Swiss franc: The price action reinforces the importance of the CHF0.9400 cap for the dollar. The lower end of the recent range extends to around CHF0.9175. It is difficult to get excited by the franc. The euro-Swiss cross has been largely confined to a CHF1.23-CHF1.24 trading range with a few exceptions in recent week. The franc is also trading in relatively narrow ranges against the yen.
Canadian dollar: Neither the rise in oil prices nor the gains in the Toronto Stock Exchange (making it the second best performer over the past week among the G7 markets behind Italy) was sufficient to lift the lethargy surrounding the Canadian dollar. It was the weakest of the dollar-bloc currencies. Look for the CAD1.0275 area (near the 100-day moving average ~CAD1.0285) to stem the US dollar selling pressure, while the CAD1.0380-CAD1.0400 may cap gains.
Australian dollar: We do not think the upside correction in the Australian dollar is over A break of the $0.9220 area will boost our confidence is seeing another cent advance. The OIS market appears to have moved away from expecting another rate cut this year by the RBA and this swing in the pendulum of expectations, coupled with extended short positions, provides the fuel for the constructive near-term outlook. We peg initial support near $0.9125 and the $0.9060.
Mexican peso: The US dollar advanced against the peso for six consecutive sessions, rising from around MXN12.56 top MXN12.97 Technical indicators we look at do not indicate a dollar top is in place, though the pre-weekend advance seemed exaggerated. Risk extends toward MXN13.06, and potentially MXN13.15.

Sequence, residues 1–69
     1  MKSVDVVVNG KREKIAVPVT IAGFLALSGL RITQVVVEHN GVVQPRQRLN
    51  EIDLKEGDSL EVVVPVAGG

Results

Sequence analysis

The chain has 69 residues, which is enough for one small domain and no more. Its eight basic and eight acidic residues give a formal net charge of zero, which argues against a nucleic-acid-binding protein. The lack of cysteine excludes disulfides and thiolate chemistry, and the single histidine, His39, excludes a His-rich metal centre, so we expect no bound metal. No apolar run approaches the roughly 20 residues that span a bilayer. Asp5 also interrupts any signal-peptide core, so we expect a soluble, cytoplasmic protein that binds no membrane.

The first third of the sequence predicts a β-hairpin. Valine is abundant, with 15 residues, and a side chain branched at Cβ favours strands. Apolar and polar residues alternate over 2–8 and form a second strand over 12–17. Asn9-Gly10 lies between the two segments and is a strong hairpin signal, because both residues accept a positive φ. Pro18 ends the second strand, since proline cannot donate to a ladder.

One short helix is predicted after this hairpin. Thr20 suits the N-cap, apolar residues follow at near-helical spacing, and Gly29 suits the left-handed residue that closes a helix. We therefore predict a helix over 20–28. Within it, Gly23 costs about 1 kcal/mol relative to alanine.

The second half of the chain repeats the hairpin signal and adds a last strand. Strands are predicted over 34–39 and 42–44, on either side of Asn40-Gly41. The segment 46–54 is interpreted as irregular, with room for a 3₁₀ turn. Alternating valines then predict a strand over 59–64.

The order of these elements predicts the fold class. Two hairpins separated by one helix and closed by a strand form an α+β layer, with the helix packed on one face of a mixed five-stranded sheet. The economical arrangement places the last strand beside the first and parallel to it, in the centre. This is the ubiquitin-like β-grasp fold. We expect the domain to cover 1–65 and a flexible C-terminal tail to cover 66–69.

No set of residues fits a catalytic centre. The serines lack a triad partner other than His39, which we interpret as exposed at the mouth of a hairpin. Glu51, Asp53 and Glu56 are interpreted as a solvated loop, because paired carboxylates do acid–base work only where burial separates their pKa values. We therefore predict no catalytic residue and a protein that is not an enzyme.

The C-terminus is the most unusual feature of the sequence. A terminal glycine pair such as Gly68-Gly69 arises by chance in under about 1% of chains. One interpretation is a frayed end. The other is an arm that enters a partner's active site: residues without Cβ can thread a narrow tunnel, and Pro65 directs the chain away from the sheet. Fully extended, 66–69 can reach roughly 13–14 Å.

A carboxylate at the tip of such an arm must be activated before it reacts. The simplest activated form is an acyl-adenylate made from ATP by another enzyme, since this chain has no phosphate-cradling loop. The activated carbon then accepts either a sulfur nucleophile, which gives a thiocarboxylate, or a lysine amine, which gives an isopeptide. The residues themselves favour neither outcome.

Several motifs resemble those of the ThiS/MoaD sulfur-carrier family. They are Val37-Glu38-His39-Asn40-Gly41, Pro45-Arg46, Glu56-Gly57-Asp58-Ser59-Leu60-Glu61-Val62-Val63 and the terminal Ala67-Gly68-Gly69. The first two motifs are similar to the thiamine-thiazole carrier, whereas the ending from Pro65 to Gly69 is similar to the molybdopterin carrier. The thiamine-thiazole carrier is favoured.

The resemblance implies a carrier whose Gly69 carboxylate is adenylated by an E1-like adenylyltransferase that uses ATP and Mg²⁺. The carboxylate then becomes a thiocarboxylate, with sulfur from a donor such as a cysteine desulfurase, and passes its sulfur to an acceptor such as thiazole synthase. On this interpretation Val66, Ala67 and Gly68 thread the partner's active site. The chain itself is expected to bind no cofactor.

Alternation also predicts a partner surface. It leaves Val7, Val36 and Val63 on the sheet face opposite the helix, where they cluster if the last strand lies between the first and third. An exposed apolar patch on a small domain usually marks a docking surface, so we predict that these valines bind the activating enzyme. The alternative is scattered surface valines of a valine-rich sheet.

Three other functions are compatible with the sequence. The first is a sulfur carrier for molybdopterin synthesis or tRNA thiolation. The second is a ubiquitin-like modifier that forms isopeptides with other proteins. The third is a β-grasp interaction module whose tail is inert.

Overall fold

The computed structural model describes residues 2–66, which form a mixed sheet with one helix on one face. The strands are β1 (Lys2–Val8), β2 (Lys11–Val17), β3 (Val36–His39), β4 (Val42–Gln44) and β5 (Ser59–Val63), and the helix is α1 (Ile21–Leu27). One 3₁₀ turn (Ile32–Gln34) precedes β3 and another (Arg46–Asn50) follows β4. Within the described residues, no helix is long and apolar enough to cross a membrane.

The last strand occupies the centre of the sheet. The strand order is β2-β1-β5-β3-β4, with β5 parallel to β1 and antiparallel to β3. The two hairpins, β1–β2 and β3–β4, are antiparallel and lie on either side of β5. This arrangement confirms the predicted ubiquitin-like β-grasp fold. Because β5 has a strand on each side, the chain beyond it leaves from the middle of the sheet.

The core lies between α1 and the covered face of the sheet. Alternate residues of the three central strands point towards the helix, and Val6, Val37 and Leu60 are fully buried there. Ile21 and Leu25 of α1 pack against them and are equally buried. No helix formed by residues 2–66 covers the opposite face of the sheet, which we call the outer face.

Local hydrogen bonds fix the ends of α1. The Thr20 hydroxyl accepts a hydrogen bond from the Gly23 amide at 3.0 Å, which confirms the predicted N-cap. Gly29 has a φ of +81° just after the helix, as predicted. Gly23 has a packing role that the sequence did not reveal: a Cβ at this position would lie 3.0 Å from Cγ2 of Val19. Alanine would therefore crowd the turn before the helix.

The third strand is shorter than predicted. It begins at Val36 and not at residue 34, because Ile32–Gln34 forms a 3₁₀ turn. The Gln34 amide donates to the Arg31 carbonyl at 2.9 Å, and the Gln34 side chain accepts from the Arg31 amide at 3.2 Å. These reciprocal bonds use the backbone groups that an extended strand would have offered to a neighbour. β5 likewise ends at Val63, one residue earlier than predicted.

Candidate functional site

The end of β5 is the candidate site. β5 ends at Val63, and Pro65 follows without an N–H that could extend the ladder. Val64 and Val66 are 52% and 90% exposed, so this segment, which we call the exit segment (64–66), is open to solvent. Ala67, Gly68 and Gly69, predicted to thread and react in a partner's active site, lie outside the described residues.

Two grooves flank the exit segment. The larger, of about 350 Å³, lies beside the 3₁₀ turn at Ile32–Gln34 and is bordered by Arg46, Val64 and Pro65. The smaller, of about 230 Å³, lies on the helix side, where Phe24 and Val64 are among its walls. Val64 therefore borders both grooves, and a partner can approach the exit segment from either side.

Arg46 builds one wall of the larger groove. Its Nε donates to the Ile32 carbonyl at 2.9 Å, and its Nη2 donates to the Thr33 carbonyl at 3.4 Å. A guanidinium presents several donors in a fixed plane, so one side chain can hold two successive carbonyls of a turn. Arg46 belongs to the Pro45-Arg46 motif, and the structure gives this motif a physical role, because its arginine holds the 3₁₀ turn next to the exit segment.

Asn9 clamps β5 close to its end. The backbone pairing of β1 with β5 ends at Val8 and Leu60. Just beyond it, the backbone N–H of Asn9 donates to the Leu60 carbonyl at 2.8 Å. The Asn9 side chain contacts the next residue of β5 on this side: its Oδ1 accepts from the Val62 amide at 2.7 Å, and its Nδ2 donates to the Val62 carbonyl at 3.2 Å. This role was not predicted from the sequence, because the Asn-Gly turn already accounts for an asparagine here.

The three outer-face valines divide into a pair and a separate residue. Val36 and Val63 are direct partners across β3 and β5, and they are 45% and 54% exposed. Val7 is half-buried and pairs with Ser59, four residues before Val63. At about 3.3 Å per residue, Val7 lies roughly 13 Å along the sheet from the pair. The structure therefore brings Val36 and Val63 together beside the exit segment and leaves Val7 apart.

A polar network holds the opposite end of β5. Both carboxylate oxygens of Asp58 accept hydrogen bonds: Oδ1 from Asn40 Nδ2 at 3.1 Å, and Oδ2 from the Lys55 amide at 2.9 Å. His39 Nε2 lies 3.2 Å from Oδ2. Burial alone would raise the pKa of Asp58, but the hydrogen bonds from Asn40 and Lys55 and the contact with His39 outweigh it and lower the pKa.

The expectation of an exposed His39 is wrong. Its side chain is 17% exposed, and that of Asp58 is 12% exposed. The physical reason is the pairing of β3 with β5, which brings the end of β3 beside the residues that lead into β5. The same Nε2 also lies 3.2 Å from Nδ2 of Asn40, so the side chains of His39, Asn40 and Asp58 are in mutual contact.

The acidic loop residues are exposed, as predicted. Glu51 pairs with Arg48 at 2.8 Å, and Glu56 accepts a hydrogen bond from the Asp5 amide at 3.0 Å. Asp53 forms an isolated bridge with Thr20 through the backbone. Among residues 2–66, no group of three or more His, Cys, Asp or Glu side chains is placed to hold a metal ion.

Last week, we suggested that a long Aussie/short yen position captured our technical views. The Aussie gained about 1% against the yen. We still like this position, though the lower end of the our initial target range (JPY90.00-20) was met. Our secondary target near JPY92.00 still seems reasonable. In addition, we also like the Australian dollar against the Canadian dollar and look for the cross to move toward CAD0.9600-50 provided the CAD0.9450 support holds.
Observations about the speculative positioning in the CME currency futures:
1. The net speculative Swiss franc position swung to the long side, following the euro, which switched the previous week.
2. Position adjustment remained small, echoing the thinner spot markets. The 18.0k contract decline in gross short Australian dollar positions is the first gross position adjustment larger than 10k in two weeks and is the largest adjustment in over a month. In the previous reporting period, there were only three gross adjustment larger than 5k. During this latest reporting period, there were only 2.
3. The net effect of the small gross positions was to reduce long dollar exposure. The net short currency positions were reduced and the net long currency positions grew. Sterling was the sole exception. The net speculative short sterling position edged higher as the gross short position grew more than the gross long position.
4. Despite the firmer tone in the foreign currencies, at the end of this reporting period, there are substantial gross short speculative currency positions. In particular, the continuing gains in sterling probably forced more to shorts to cover. On the other hand, the late peso longs are in weak hands and some likely were forced to liquidate.